UPDATE: Ohio Hospitals Get Guidance Amid Measles Outbreak

By: The Associated Press, WTAP News Email
By: The Associated Press, WTAP News Email

UPDATE 6/23/2014 1:50 PM

State officials are advising some new ways for Ohio hospitals to treat patients with measles and keep the disease from spreading.

The state epidemiologist says facilities should make sure their employees have presumptive evidence of immunity to measles.

That could possibly include paperwork showing employees took the MMR vaccine or confirmation that they previously had measles.

Washington County officials want everyone getting the MMR shot, infected or not.

"I want it available to everyone individual that needs it, that's not updated. This is so contagious. It's so infectious," says Barbara Piehowicz, an RN at the Washington County Health Department.

341 measles cases have been reported across 9 counties.

It started among the Amish in Knox County after some of them traveled to the Philippines.

The CDC says the outbreak is the largest in 20 years.


UPDATE 5/13/2014 8:10 PM

COLUMBUS, Ohio (AP) - Ohio health officials distributed more than 11,800 doses of vaccines to try to stem recent outbreaks of measles and mumps in the state.

The state epidemiologist, Mary DiOrio, said Tuesday that around half of those measles-mumps-rubella (MMR) vaccines have been administered.

There have been 68 measles cases reported in six counties, mostly among unvaccinated individuals in the Amish community. She says it's the largest outbreak in the U.S. since 1996.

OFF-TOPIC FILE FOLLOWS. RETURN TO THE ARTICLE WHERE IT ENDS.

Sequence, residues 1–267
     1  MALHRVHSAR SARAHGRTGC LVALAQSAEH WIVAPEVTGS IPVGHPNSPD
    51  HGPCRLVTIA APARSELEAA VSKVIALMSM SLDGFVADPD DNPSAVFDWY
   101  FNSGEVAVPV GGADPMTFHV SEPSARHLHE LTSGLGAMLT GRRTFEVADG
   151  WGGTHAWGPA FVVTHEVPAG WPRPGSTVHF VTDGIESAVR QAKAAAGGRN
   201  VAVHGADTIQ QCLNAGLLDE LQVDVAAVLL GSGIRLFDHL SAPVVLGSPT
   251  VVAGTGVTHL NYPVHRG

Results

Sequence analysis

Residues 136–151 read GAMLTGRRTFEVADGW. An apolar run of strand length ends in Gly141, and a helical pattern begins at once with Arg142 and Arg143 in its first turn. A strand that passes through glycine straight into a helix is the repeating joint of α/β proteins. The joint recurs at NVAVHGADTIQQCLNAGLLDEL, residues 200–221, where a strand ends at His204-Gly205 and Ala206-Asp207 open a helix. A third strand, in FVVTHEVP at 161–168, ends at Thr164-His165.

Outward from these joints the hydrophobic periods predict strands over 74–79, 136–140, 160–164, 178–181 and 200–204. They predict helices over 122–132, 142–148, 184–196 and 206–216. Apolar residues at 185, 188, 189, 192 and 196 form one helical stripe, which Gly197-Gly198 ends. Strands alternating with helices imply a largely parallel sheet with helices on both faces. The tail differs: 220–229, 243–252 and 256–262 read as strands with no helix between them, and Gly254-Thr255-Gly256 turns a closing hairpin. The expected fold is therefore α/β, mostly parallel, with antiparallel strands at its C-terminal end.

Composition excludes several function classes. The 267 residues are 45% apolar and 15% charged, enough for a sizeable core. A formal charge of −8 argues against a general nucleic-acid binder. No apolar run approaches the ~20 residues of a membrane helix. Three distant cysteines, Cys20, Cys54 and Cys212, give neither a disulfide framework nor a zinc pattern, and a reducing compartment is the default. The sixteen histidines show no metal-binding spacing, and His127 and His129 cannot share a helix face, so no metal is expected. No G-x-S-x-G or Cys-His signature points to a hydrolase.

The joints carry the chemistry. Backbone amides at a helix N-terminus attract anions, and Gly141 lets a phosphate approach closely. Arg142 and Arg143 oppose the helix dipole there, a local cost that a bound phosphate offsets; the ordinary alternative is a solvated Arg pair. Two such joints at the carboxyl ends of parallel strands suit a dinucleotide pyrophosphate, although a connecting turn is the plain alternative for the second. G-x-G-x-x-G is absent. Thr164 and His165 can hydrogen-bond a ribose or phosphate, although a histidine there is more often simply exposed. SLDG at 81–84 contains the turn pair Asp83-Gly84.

Officials say it began with unvaccinated travelers who visited the Philippines, which has had a measles epidemic. Ohio counties reporting measles have received 11,200 of the doses.

Officials say the mumps outbreak that started in central Ohio in January reached 342 cases, mostly in Franklin County. The state sent out 640 doses to counties with mumps cases.

(Copyright 2014 The Associated Press. All rights reserved. This material may not be published, broadcast, rewritten or redistributed.)


UPDATE 5/7/2014 12:20 PM

COLUMBUS, Ohio (AP) - Health officials tracking measles and mumps outbreaks in Ohio are urging people to stay up-to-date on immunizations to prevent illnesses from spreading.

The Department of Health says the spread of such diseases can accelerate when people gather in large groups, such as at picnics, camps, fairs and other common warm-weather activities.

Health agencies confirmed 321 mumps cases in central Ohio, and 191 of those are linked to Ohio State University. Officials say the origin of the outbreak might never be known.

A measles outbreak is being tracked a bit further to the northeast in a six-county area. Twenty-nine of the 42 confirmed cases are in Knox County. Officials say that outbreak began with unvaccinated travelers who visited the Philippines, which has had a measles epidemic.

(Copyright 2014 The Associated Press. All rights reserved. This material may not be published, broadcast, rewritten or redistributed.)


UPDATE 4/16/2014 3:05 PM

COLUMBUS, Ohio (AP) - Central Ohio officials are warning that children without mumps vaccinations might have to miss weeks of school if an outbreak of the illness hits classrooms.

More than 200 cases of the contagious viral illness, with more than 130 of those linked to Ohio State University, have been reported this year.

Health commissioners for Columbus and Franklin County wrote letters to schools encouraging vaccinations.

The letters also advise parents that unvaccinated students might have to stay home 25 days or longer if clusters of mumps cases begin showing up in schools.

Officials have urged people of the region to make sure they've been inoculated with two doses of the measles, mumps and rubella vaccine.